You should always pay attention to fees and pricing of financial product, but now it’s more important than ever. Latest reminder: Wealthfront, the roboadvisor known for its low-fee, passive investing options, will soon start charging all new users a 0.25 percent advisory fee, and will auto-enroll wealthy investors into a new fund with 0.50 percent fee.
Starting April 1, Wealthfront will start sunsetting the advisory fee-free management on the first $10,000 in investments, and will charge new investors a 0.25 percent management fee annually, no matter the size of their account. “Any existing client that currently enjoys $10k managed for free will continue to receive that benefit for life,” wrote a Wealthfront spokeswoman in an email. Per the website, it does not charge “account-opening fees, withdrawal or account-closing fees, trading/commission fees, or account transfer fees.”
With that in mind, it might be a good opportunity to check out your other options. Robos are still one the less expensive bets if you’re a beginner investor, but you should still compare the fees: Betterment, another robo, also charges 0.25 percent, though that still puts the two at the lower end of the fee scale, per NerdWallet. WealthSimple is a robo that doesn’t charge anything on the first $5,000 managed for one year. It then charges 0.5 percent up to $100k, charging 0.40 percent thereafter. Ellevest, a robo started by former Bank of America exec Sallie Krawcheck, charges 0.25 percent on the first $50,000 in assets under management.
As I wrote here, you could also try to replicate the robo’s asset allocations for yourself for free, as they’re usually publicized on the companies’ websites.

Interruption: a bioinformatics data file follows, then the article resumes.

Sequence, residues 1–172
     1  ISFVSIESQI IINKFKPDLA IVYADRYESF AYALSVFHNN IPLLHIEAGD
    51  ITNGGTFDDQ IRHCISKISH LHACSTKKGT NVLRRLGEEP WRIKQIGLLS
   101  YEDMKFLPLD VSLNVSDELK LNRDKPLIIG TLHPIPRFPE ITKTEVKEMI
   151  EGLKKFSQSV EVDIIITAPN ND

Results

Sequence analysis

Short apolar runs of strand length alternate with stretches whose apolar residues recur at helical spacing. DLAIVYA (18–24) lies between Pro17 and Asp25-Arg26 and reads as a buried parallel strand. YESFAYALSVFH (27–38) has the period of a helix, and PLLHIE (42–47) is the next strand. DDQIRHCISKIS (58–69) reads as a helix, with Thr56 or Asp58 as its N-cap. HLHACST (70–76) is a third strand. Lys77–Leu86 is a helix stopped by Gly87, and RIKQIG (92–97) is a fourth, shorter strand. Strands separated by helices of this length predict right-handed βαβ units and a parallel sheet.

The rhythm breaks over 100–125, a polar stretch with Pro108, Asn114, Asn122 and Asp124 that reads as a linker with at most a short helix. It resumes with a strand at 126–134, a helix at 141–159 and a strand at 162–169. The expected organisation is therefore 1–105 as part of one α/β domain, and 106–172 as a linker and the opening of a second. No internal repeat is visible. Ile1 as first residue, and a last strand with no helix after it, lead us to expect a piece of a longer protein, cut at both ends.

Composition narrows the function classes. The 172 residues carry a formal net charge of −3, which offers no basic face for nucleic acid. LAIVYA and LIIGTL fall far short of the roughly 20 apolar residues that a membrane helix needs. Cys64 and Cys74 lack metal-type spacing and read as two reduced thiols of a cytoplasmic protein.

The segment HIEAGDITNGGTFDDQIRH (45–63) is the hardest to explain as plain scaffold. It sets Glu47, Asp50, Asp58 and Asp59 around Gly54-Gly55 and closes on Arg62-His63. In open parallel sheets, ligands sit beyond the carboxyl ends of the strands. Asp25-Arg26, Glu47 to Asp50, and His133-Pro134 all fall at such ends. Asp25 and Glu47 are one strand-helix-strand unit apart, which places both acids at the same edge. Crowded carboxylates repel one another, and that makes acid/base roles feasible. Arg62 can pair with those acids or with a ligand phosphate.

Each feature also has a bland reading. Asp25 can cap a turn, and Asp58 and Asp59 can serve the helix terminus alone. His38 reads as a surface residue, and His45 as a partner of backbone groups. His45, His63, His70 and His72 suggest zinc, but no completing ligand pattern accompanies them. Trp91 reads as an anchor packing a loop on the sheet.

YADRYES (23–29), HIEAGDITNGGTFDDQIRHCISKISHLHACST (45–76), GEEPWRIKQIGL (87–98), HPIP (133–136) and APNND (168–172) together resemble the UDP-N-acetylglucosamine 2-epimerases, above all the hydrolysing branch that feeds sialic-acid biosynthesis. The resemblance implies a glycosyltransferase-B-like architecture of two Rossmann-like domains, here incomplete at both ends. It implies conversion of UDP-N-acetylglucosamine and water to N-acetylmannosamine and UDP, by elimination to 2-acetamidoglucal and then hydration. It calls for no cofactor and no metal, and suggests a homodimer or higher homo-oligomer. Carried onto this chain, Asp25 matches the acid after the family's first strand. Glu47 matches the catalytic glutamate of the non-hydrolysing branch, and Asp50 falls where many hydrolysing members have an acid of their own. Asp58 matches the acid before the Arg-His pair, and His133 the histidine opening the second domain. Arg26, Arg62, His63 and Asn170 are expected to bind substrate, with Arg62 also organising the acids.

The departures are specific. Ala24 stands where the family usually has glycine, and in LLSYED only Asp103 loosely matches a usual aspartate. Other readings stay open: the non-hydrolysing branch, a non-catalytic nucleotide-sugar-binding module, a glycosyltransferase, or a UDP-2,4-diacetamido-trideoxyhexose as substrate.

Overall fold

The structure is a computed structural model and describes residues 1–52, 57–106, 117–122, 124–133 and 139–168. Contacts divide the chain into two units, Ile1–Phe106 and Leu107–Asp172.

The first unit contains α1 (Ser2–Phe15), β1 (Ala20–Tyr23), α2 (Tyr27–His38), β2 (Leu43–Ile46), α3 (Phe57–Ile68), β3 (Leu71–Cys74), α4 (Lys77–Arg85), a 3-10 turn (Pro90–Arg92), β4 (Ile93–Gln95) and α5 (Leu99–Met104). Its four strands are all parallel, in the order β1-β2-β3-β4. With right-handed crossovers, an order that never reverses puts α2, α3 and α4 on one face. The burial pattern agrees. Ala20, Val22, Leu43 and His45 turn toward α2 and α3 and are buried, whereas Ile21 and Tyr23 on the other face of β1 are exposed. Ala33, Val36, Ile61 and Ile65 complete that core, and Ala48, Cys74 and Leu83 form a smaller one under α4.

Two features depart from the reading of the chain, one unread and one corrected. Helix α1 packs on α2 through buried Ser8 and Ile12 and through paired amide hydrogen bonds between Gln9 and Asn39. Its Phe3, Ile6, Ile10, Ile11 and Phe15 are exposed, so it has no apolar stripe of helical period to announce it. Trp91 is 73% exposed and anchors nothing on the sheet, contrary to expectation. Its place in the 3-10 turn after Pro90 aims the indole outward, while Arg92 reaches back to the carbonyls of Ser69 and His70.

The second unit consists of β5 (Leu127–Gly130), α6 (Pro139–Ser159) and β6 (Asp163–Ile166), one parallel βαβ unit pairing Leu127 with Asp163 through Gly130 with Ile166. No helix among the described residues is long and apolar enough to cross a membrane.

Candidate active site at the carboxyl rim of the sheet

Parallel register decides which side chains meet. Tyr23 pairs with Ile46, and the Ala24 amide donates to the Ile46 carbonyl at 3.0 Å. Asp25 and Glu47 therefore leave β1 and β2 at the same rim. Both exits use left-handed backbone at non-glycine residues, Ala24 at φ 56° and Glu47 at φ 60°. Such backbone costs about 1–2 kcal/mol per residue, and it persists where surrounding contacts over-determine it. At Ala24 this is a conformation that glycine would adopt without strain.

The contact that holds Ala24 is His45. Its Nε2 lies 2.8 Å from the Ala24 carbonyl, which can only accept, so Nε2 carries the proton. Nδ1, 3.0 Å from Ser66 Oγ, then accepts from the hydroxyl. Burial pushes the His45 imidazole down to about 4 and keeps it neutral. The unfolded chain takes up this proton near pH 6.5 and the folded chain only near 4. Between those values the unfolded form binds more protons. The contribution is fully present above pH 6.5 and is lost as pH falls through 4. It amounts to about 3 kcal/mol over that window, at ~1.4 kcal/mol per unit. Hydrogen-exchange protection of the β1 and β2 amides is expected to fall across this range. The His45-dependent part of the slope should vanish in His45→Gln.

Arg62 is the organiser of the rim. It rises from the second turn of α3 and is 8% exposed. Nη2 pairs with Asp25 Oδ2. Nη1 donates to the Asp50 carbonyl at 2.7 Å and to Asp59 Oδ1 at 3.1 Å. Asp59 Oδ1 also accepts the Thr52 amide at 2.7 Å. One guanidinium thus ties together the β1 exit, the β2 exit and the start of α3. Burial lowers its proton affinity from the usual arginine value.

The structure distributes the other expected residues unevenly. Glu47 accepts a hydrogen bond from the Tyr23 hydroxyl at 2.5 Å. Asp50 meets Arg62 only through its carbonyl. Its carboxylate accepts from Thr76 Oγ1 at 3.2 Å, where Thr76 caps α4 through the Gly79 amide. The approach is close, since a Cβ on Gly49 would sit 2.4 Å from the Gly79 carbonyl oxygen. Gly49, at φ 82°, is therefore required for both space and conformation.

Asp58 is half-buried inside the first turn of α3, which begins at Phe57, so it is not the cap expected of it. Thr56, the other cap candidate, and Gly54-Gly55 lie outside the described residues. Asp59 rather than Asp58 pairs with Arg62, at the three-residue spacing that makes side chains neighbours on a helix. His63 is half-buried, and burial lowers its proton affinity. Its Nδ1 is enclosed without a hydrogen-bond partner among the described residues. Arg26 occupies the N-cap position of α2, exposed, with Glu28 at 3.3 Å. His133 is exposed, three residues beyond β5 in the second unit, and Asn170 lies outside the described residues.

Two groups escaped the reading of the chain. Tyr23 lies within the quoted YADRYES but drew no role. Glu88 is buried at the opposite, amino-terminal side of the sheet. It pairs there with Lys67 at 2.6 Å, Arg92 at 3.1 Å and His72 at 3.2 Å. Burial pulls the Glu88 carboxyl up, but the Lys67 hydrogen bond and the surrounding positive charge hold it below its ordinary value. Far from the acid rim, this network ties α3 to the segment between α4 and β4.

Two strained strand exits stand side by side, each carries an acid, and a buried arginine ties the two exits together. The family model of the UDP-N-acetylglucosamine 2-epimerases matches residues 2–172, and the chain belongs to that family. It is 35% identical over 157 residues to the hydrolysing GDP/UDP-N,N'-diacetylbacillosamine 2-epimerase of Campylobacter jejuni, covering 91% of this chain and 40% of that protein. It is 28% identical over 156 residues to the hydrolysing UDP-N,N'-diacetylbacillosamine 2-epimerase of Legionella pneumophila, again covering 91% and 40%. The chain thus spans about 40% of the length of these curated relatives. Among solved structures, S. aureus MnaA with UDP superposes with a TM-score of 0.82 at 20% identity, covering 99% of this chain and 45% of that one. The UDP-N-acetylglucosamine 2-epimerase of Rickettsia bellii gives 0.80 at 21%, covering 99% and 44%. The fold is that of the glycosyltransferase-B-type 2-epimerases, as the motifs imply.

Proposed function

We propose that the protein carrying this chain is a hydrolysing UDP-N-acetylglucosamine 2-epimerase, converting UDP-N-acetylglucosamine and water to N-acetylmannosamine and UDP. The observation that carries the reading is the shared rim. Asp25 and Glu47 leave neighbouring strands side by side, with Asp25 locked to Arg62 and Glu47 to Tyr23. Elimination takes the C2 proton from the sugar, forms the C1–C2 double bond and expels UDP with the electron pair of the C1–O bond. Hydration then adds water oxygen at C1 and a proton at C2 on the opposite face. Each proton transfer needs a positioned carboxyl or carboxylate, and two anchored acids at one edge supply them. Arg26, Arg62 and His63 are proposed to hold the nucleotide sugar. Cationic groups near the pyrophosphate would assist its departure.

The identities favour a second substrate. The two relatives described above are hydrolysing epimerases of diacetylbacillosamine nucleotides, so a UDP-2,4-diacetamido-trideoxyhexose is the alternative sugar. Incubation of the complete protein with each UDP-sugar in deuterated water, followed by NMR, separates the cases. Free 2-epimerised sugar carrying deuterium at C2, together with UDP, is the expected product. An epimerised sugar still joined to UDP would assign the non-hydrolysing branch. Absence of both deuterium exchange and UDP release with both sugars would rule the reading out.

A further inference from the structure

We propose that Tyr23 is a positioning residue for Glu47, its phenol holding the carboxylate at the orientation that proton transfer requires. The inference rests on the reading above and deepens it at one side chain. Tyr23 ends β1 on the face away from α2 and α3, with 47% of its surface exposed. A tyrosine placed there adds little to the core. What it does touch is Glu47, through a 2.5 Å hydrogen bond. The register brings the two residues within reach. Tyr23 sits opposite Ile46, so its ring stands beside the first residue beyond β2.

Wired first wrote about the company’s fee change, but noted only the 0.50 percent fee attached to the company’s new “Risk Parity” fund for wealthy investors. Per the company’s website, investors with taxable investment account balances of at least $100,000 can invest in the fund, which has an expense ratio of 0.50 percent.
When asked about the article and new investment fees, the spokeswoman said that she is “not sure where some of the information from that article was pulled from.” She noted that the Risk Parity fund is part of Wealthfront’s PassivePlus investment features, which you can read about here and here. Essentially, the Risk Parity fund “aims to balance the risk budget of your portfolio more intelligently by giving your portfolio more exposure to asset classes with higher risk-adjusted returns.”
You should be wary of actively managed funds, but again, investors need a taxable account balance of $100,000 to invest. One thing to note: the spokeswoman noted that Wealthfront will automatically put 20 percent of your assets into the Risk Parity fund if you have $100k invested “so there is no work on your part, unless you tell us otherwise.” In other words, you’ll need to opt out of the fund.
So: If you’re a Wealthfront investor, be aware of the changing fee structure, and stick with passive investing. But know the fee is still low compared to similar products for investors with lower account balances.
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